ETH Z?rich Identifies Priors That Boost Bayesian Deep Learning Models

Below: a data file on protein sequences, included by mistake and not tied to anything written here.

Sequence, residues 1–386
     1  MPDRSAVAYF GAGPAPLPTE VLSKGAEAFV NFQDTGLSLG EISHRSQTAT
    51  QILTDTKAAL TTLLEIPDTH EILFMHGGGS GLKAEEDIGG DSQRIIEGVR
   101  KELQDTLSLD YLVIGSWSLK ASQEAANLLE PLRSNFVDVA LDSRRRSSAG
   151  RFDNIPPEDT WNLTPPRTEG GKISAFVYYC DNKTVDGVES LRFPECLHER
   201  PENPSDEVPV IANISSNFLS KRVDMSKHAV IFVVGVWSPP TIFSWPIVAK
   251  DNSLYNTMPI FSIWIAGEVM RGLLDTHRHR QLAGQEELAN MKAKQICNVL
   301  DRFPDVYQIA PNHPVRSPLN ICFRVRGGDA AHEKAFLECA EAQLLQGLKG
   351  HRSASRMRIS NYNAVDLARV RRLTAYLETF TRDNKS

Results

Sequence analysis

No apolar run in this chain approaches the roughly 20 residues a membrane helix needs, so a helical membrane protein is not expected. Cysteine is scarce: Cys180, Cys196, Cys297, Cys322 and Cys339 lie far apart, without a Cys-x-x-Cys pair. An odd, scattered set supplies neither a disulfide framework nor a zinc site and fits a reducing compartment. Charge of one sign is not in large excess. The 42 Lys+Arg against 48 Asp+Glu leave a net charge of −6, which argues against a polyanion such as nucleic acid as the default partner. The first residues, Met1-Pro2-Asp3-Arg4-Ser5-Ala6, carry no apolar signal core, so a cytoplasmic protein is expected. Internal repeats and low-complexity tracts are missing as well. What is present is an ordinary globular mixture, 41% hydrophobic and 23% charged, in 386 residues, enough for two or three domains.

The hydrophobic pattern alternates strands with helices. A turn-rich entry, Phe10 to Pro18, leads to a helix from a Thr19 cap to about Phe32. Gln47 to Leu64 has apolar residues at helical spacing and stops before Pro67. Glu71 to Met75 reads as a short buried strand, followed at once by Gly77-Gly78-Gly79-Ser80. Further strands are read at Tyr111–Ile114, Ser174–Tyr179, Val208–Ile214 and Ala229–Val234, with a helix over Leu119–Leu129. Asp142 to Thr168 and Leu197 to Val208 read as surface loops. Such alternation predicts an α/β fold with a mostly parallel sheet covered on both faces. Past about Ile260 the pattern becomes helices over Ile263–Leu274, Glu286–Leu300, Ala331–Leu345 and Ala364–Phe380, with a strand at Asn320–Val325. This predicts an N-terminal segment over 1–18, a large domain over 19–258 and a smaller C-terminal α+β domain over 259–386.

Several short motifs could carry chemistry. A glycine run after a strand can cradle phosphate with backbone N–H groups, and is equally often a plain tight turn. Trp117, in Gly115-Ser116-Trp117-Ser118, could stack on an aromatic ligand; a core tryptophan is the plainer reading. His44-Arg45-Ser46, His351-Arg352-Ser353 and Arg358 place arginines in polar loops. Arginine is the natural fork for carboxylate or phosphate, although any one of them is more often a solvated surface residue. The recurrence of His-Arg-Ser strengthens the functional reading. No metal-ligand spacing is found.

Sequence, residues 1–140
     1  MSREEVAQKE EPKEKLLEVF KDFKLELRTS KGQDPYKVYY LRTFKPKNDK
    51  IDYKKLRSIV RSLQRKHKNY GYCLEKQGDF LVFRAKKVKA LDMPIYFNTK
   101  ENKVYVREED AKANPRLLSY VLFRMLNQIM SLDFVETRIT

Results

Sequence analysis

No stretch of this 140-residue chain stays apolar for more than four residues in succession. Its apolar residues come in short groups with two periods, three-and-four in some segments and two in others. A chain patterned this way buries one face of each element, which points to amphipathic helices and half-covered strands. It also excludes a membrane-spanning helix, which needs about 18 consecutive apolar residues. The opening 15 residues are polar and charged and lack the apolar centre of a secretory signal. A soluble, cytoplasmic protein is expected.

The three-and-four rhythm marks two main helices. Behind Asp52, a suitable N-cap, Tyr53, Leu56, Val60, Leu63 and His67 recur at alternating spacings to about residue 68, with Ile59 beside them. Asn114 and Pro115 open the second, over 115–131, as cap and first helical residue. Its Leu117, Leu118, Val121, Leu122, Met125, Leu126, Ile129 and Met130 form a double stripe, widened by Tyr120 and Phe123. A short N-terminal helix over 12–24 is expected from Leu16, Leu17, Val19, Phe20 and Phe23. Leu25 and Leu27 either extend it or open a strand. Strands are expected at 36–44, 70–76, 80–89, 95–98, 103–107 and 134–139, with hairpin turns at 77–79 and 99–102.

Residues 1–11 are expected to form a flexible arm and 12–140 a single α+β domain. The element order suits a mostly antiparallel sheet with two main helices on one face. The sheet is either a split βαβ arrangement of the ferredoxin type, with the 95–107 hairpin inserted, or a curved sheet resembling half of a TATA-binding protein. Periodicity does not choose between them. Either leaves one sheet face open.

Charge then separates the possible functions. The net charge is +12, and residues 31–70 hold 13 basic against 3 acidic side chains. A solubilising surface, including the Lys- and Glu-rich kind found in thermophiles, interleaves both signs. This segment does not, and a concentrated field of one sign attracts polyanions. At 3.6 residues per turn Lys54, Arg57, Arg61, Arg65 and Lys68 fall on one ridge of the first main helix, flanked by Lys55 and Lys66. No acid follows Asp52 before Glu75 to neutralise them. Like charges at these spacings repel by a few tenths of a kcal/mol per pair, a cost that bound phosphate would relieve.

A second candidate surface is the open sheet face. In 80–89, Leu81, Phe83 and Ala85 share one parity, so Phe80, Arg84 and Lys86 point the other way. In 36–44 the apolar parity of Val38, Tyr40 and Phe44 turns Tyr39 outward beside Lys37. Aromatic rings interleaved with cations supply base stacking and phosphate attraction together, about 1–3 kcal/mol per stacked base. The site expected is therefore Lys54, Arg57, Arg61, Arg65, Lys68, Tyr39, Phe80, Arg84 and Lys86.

AI Technology & Industry Review A research team from ETH Z?rich presents an overview of priors for (deep) Gaussian processes, variational autoencoders and Bayesian neural networks. The researchers propose that well-chosen priors can achieve theoretical and empirical properties such as uncertainty estimation, model selection and optimal decision support; and provide guidance on how to choose them. It’s well known across the machine learning community that choosing the right prior — an initial belief re an event expressed in terms of a probability distribution — is crucial for Bayesian inference. Many recent Bayesian deep learning models however resort to established but uninformative or weak informative priors that may have detrimental consequences on their models’ inference abilities. In the paper , a research team from ETH Z?rich presents an overview of different priors for (deep) Gaussian processes, variational autoencoders, and Bayesian neural networks. The team proposes that well-chosen priors can actually achieve theoretical and empirical properties such as uncertainty estimation, model selection and optimal decision support; and provides guidance on how to choose them. The main idea of Bayesian models is to infer a posterior distribution over the parameters of a model based on a prior probability for some observed data. This approach can be used to update the probability for a hypothesis as more evidence or information becomes available. Although choosing the good prior is crucial for Bayesian models, in practice it is often non-trivial to map the prior subjective beliefs onto tractable probability distributions. In addition, the asymptotic consistency guarantees of the Bernstein-von-Mises theorem have made some researchers believe that priors can have a nuisance influence on the posterior. Therefore, there is an increasing trend in contemporary Bayesian deep learning research to choose seemingly “uninformative” priors such as standard Gaussians. This theorem however does not hold in many applications, as its regularity conditions are often not satisfied. Moreover, in the non-asymptotic regime of practical inferences, priors have a strong influence on the posterior. Worse yet, bad priors can undermine the very properties that motivate researchers to use Bayesian inference in the first place. Motivated by these insights, the team argues that it is time to look at prior choices other than the usual, uninformative ones. The paper first reviews existing prior designs for (deep) Gaussian processes. Gaussian processes (GPs) are nonparametric models that, instead of inferring a distribution over the parameters of a parametric function, can be used to infer a distribution over functions directly. This approach is not only ideal for problems with few observations; it also has the potential to exploit the available information in increasingly large datasets. The team specifies how to combine GPs with deep neural networks via parameterized functions and neural network limits; and how to use them to construct deep models in their own right. The team also examines priors in variational autoencoders (VAEs), Bayesian latent variable models with architectures comprising both an encoder and a decoder trained to minimize the reconstruction error between the encoded-decoded data and the initial data. In such models, observations are generated from unobserved latent variables through a likelihood function. The team examines a number of proper distributional VAE priors that can directly replace the standard Gaussian, some structural VAE priors, and a particularly interesting VAE model: the neural process. Regarding priors in Bayesian neural networks, the team proves that standard Gaussian priors over the parameters are insufficient, and that inductive biases should instead be represented through the choice of architectures. They also review priors defined in the weight and function spaces, and explore methods for extending these ideas to Bayesian ensembles of neural networks. The above approaches all assume that prior knowledge is available to encode into Bayesian deep learning models, but what if there is no useful prior knowledge to encode? In this case, the team suggests that researchers can alternatively rely on a framework of learning to learn or meta-learning, which leverages previously solved tasks that are related to the current task to learn hyperparameters for most of the priors discussed above (Gaussian processes, variational autoencoders, and Bayesian neural networks). The team reviews many alternative prior choices for popular Bayesian deep learning models and demonstrates that useful priors for these models can even be learned from data alone. They hope their study can encourage researchers to choose their priors more carefully and motivate the research community to develop better-suited priors for Bayesian deep learning models.